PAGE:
Maybe the ineffectual business model is the break with five riders who won’t work together and then they’re caught and beaten by a less talented hack.
The analogy pops up when we read the news of the continual foundational instability of professionally cycling teams. The ultimate failure of the existing model was the demise last year of the most successful team in cycling, HTC-Highroad. Pick your sport — when one of the most successful, well managed team goes under because they can’t beg a sponsor to save them, then the issues are deep and systemic. When savvy billionaires like owner Bob Stapleton fail it’s no wonder that guys trying to re-fund Geox were unable to resuscitate.
So the fresh news that Saxo Bank and Liquigas-Cannondale are considering a possible merger — at least according to the rumor hungry Gazetta Dello Sport — is a troubling sign. Double that with the on-going difficulty of the iconic basque squad Euskatel-Euskadi to remain financially functional.
Step back a second and consider the implications. HTC had the best sprinter of his generation, Mark Cavendish and the World Champion in the time trial monster Tony Martin. The Brian Holm-Rolf Aldag squad was anti-doping and pro-win and still they went under, Bob Stapleton hustling sponsor dollars to the bitter end.
Now we have the top Italian squad with Ivan Basso, the phenomenal Peter Sagan and speedsters like Elia Viviani and a major US bike sponsor in Cannondale doing the pass the hat routine. This is beyond pathetic and catastrophic.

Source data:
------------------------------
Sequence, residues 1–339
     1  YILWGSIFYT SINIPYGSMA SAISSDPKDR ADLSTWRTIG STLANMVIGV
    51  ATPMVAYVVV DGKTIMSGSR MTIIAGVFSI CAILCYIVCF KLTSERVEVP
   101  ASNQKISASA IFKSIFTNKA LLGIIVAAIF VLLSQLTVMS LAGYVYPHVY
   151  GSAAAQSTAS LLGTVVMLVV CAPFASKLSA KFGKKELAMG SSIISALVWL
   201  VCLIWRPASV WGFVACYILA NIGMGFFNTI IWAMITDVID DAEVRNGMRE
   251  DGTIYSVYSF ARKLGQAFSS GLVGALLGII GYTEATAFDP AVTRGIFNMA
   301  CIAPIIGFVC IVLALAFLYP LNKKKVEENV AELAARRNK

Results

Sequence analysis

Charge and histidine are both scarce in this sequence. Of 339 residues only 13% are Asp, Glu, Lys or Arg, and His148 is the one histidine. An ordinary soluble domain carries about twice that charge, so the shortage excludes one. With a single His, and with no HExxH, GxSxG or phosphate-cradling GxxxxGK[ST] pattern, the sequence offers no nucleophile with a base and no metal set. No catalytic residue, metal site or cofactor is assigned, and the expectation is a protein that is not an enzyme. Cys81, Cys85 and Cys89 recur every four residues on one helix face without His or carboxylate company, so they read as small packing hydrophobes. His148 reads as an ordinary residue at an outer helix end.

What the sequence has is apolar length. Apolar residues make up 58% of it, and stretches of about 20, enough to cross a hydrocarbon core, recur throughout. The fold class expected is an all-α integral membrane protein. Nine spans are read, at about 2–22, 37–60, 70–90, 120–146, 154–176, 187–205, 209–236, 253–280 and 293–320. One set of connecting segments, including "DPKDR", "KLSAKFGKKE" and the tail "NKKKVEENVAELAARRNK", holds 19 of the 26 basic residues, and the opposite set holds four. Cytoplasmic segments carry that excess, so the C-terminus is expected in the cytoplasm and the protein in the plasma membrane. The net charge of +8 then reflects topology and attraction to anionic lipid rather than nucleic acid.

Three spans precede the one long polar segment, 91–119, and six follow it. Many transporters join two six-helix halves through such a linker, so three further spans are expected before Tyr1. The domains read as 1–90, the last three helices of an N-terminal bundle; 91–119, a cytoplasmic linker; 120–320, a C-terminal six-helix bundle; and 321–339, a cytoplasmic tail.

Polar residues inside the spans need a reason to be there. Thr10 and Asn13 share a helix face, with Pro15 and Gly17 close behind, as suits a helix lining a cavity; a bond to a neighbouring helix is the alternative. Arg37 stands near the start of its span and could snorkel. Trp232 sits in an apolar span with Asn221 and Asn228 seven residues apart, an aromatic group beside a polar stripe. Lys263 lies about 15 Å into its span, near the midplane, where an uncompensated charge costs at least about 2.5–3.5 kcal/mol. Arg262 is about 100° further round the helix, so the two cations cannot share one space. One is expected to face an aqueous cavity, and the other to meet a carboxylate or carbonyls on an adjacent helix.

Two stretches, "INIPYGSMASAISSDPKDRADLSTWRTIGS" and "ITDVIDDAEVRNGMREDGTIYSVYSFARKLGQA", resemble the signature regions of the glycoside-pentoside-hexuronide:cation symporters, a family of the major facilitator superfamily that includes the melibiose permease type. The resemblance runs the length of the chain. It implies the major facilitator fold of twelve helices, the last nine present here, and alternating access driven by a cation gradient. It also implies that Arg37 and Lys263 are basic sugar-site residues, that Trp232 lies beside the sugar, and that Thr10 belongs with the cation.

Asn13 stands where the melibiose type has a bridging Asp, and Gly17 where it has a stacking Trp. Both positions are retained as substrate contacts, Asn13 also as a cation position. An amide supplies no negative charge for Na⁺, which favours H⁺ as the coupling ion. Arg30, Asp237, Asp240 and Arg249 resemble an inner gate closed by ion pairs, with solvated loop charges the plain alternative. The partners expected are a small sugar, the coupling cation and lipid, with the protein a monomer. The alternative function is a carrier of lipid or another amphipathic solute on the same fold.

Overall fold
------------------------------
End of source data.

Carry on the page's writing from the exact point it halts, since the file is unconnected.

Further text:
That’s the lime green debacle, not to be confused the the orange outrage. Euskatel Euskadi has been a unique and passionate fixture in the pro peloton for what feels like ages. On a string budget even smalller than Garmin’s, Samuel Sanchez still won the king of the mountains jersey and a top five finish at last years’ Tour de France. The global economy, the Spanish economy and the Basque economy have all cut into the squads chances of staying alive. A freakin’ damn shame. Without the crazy Basque fans throwing a three day party in the Pyrenees, you might as well skip those mountains and do six days in the Alps.
Which gets us back the the breakaway riders that won’t work together. The Pro teams, sponsors, UCI and riders have to find a better way to work together. The sport turns a pedal in apathy, without visionary leadership except for people like Jonathan Vaughers. We have amazing climbers and great sprinters but a shortage of thinkers.
The news that two major ProTour squads are fighting for their existence won’t bother UCI president Pat “Cocktail” McQuaid. You never read a thing, good, bad or indifferent from the clueless McQuaid about the demise of HTC-Highroad. When that disaster occurred he was too busy threatening teams with participation in his Tour of Beijing show.
Perhaps no other sport in the world has so much beauty and talent and drama and history and such an astonishingly short-sighted outlook.
HTC-Highroad is extinct. Liquigas-Cannondale and Saxo Bank hang in the balance. There is so little cooperation in this breakaway. Maybe that’s why we need a breakaway league.